- Irish Parliament in Dublin (Photo: Irish Government)
On 12 June 2008 Ireland had first voted "Nil" - No - to the Lisbon Treaty. The turnout was 53 % and there was 53,4 % No and 46,6 % Yes votes. France and Germany established a joint declaration where they asked the remaining member states to ratify the Treaty. Also the Irish government approved that the ratification process could continue in spite of the result.
In December 2008 the European Council decided that the Lisbon Treaty must enter into force 1 January 2010. Ireland was therefore asked to change their No to the Lisbon Treaty. The government planned a new referendum for 2 October 2009 after the adoption of a so-called Irish declaration in the European summit in June 2009.
Ireland also delayed the coming into force of the Single European Act and the internal market by six months because of a legal challenge to how constitutional its mode of ratification was, in the Crotty case in 1987.
The Irish citizens voted "No" first time in a popular referendum on the Treaty of Nice on 7 June 2001 and thereby blocked the ratification process - all new EU Treaties must be ratified in all countries to come into force. Ireland was the only country to let the Treaty of Nice be put to a vote.
The government secured continued Irish neutrality, introduced a system of parliamentary control and organised a special forum for discussing Irish EU policy. With this background, in October 2002 a second referendum was held under different rules and with a different question. 62.89% of the votes were now in favour of ratifying the Nice Treaty, maybe because another "No" was presented as a rejection of EU enlargement.
THREE FAMOUS COURT CASES
In 1985 an Irish farmer and economist won a court case safeguarding the Irish voters a referendum on the Single European Act in 1987.
In 1995 an Irish MEP, Patricia McKenna won another court case forcing the government to inform the public in neutral terms before referendums.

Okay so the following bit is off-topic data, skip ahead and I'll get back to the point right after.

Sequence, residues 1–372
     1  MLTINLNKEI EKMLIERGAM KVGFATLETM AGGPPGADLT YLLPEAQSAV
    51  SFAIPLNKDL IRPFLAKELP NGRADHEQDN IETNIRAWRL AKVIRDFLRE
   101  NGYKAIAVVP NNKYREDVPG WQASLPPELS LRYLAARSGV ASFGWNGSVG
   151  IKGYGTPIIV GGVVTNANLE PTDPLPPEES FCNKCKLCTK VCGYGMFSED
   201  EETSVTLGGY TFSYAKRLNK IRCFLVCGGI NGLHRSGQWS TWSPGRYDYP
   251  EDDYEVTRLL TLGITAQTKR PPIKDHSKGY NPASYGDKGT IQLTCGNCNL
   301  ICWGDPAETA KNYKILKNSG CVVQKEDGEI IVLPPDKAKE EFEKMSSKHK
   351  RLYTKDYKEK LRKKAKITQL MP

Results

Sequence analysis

This principle of equaility is now being criticised by the Irish government and the rules for commercial. institutional and community coverage of the coming referendum has now been changed to allow more media space for the Yes-side.
The proportion of airtime allocated to opposing sides must however "be fair to all interests and undertaken in a transparent manner."
In the re-run of the referendum both the European Government, the independent Referendum Commission and the European Commission send leaflets to all households recommending the Treaty.
In previous referendum campaigns public broadcasters were obliged to give equal coverage of both the Yes and the No campaigns, after a former professor at Trinity College, Anthony Coughlan, made a complaint at Irish courts in June 1997 over unbalanced media coverage by the public broadcaster RTE, which gave 42,5 minutes coverage to the yes-camp and 10 minutes to the no-camp in a referendum on divorce.
The BCI announced a black-out on Lisbon treaty media coverage from the morning of the 1 October until polls close on 2 October.
During this period broadcast output could not include "material which relates directly to the content of the Treaty of Lisbon and/or the constitutional amendments associated with the Treaty."
The new guidelines covered "commercial, community, institutional and temporary broadcasters," but did not mention the Internet.
Irish Government http://www.irlgov.ie
Irish official websites http://www.europarl.eu.int/enl......er_states_Links_en.htm#ireland